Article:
Malaria is a disease caused by a parasite that is transmitted person-to-person by the bite of an infected Anopheles mosquito. These mosquitoes are present in the tropics and subtropics in almost all countries.
Malaria is the most deadly of all tropical parasitic diseases. After the parasites enter the body by a mosquito bite, they disappear from the circulating blood within an hour and gather in the liver. After several days, infected red blood cells (RBCs) emerge from the liver and infect other RBCs.
Four species of malaria parasites can infect humans and cause illness:
- Plasmodium falciparum (or P. falciparum)
- Plasmodium malariae (or P. malariae)
- Plasmodium vivax (or P. vivax)
- Plasmodium ovale (or P. ovale)
Generally, only falciparum malaria is potentially life-threatening. Patients with severe falciparum malaria may develop liver and kidney failure, convulsions, and coma. Infections with P. vivax and P. ovale may cause less serious illness, but the parasites can remain dormant in the liver for many months, causing a reappearance of symptoms months or even years later.
The risk of acquiring malaria depends on:
- traveler's destination
- duration of travel
- place where the traveler will spend the evenings and nights. (Anopheles mosquitoes bite most often during nighttime hours from dusk to dawn.)
Early stages of malaria may be similar to the flu. The following are the most common symptoms of malaria. However, each individual may experience symptoms differently. Symptoms may include:
- muscle ache
- sometimes vomiting, diarrhea, and coughing
The symptoms of malaria may resemble other medical conditions. Always consult your physician for a diagnosis.
In addition to a complete medical history and physical examination, diagnostic procedures for malaria may include blood work to rule out other possible infections.
Malaria can often be prevented by the use of antimalarial drugs and use of protection measures against mosquito bites.
When planning to travel to an area where malaria occurs, talk with your physician well in advance of your departure. Drugs to prevent malaria can be prescribed for travelers to malarious areas, but travelers from different countries may receive different recommendations, reflecting differences in treatment protocols as well as availability of medicines in different countries. Travelers visiting only cities or rural areas where there is no risk of malaria may not require preventive drugs, but an exact itinerary is necessary to determine what degree of protection may be needed.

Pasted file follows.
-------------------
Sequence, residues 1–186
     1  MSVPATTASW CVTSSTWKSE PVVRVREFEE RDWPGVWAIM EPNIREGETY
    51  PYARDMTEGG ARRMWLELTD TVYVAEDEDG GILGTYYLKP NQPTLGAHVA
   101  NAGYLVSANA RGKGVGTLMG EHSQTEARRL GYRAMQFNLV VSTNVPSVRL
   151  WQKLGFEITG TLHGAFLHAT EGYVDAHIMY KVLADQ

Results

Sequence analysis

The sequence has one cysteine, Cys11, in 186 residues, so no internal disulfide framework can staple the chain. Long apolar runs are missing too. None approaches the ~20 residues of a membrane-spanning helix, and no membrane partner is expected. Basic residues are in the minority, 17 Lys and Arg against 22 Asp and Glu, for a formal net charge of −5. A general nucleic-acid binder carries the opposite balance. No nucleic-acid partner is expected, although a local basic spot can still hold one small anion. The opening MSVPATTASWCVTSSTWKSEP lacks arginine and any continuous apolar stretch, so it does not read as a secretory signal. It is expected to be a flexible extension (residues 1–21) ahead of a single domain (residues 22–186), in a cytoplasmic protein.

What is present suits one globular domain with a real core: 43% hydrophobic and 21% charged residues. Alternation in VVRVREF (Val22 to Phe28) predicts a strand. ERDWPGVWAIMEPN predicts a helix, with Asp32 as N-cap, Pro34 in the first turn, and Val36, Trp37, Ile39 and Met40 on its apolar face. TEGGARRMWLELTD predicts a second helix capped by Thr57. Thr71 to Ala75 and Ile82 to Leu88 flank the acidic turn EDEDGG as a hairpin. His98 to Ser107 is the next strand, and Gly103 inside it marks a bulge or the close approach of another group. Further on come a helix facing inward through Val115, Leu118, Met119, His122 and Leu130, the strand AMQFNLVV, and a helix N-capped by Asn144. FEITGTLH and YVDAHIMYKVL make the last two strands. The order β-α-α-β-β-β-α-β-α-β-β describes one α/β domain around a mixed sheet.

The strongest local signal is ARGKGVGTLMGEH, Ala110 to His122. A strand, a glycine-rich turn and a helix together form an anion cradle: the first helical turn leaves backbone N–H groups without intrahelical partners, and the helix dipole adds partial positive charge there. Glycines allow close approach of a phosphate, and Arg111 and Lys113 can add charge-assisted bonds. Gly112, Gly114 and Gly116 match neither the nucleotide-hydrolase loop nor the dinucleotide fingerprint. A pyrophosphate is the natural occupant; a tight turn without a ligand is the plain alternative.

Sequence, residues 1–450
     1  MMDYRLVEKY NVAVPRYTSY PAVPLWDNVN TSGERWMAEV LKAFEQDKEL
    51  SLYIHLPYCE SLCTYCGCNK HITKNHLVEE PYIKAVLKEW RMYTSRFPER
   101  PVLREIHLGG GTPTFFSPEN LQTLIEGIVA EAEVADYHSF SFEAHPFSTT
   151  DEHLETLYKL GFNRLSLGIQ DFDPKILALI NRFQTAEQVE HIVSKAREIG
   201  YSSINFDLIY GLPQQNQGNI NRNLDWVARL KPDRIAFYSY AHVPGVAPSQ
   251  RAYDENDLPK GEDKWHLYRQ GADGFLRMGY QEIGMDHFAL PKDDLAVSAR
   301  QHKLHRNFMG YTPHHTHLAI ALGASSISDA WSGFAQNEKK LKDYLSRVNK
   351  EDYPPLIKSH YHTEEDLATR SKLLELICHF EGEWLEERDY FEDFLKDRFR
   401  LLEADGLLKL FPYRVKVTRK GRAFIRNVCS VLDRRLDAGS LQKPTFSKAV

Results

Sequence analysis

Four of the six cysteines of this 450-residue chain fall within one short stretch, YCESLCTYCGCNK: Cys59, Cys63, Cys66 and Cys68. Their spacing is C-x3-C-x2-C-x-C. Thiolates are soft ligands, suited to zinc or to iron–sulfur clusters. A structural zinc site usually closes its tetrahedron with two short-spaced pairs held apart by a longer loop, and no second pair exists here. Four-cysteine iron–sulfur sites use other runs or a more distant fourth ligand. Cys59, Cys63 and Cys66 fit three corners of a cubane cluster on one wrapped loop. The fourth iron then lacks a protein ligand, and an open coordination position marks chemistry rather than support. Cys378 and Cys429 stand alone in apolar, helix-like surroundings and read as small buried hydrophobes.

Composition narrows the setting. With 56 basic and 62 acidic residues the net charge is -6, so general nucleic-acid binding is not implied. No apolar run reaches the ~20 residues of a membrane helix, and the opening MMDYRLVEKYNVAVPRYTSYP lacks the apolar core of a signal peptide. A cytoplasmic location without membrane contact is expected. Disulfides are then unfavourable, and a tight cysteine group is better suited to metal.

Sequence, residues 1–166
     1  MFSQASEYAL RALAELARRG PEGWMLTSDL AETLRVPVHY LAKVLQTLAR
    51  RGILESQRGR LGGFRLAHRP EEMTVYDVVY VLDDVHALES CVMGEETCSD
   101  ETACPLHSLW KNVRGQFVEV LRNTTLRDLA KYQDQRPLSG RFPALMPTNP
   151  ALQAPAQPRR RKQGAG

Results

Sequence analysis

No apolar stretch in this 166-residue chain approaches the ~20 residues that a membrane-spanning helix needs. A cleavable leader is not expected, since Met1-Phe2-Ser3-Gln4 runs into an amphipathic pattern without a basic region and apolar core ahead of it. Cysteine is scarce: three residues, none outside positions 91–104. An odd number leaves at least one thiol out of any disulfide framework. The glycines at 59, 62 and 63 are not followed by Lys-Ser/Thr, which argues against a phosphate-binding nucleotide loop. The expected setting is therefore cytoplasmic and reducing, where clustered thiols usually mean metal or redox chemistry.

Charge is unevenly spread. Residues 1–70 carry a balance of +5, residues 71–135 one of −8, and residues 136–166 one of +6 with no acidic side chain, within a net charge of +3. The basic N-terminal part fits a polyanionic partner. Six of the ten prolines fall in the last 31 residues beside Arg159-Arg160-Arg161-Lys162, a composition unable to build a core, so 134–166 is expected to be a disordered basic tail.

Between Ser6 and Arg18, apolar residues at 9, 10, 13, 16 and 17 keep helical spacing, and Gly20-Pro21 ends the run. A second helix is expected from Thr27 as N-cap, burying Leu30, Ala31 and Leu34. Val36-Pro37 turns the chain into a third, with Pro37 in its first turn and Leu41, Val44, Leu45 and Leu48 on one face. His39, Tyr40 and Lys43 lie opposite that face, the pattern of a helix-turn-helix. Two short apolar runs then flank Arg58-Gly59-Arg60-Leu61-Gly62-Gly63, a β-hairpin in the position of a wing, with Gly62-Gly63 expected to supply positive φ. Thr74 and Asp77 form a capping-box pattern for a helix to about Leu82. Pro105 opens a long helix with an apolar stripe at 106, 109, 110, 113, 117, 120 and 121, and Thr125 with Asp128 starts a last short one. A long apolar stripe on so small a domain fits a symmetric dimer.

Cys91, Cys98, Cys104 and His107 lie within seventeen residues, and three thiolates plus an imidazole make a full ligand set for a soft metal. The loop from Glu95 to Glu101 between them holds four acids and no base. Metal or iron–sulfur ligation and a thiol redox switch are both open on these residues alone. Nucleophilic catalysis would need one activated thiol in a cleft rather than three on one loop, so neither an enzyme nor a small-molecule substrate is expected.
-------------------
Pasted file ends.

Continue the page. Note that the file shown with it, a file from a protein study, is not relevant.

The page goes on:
According to the Centers for Disease Control and Prevention (CDC), there are several medications recommended for prevention of malaria in travelers. Determining which medication is best depends upon several factors, such as your medical history and the amount of time before your scheduled departure. Strict adherence to the recommended doses and schedules of the antimalarial drug selected is necessary for effective protection.
- protection from mosquitoes
Be aware that you are still at risk for malaria even with the use of protection.
To avoid mosquito bites, the CDC recommends the following:
- Apply insect repellent to exposed skin. The recommended repellent contains 20 to 35 percent DEET.
- Wear long-sleeved clothing and long pants if you are outdoors at night.
- Use a mosquito net over the bed if your bedroom is not air-conditioned or screened. For additional protection, treat the mosquito net with the insecticide permethrin.
- Spray an insecticide or repellent on clothing, as mosquitoes may bite through thin clothing.
- Spray pyrethrin or a similar insecticide in your bedroom before going to bed.
Note: According to the CDC, vitamin B and ultrasound devices do not prevent mosquito bites.
Specific treatment for malaria will be determined by your physician based on:
- your overall health and medical history
- extent of the condition
- your tolerance for specific medications, procedures, or therapies
- expectations for the course of the condition
- your opinion or preference
- Travelers who become ill with a fever during or after travel in a malaria risk area should seek prompt medical attention and should inform their physicians of their recent travel history. Neither the traveler nor the physician should assume that the traveler has the flu or some other disease without completing a laboratory test to determine if the symptoms are caused by malaria.
- Malaria symptoms can develop as early as six to eight days after being bitten by an infected mosquito or as late as several months after departure from a malarious area, after antimalarial drugs are discontinued. Malaria can be treated effectively in its early stages, but delaying treatment can have serious consequences.
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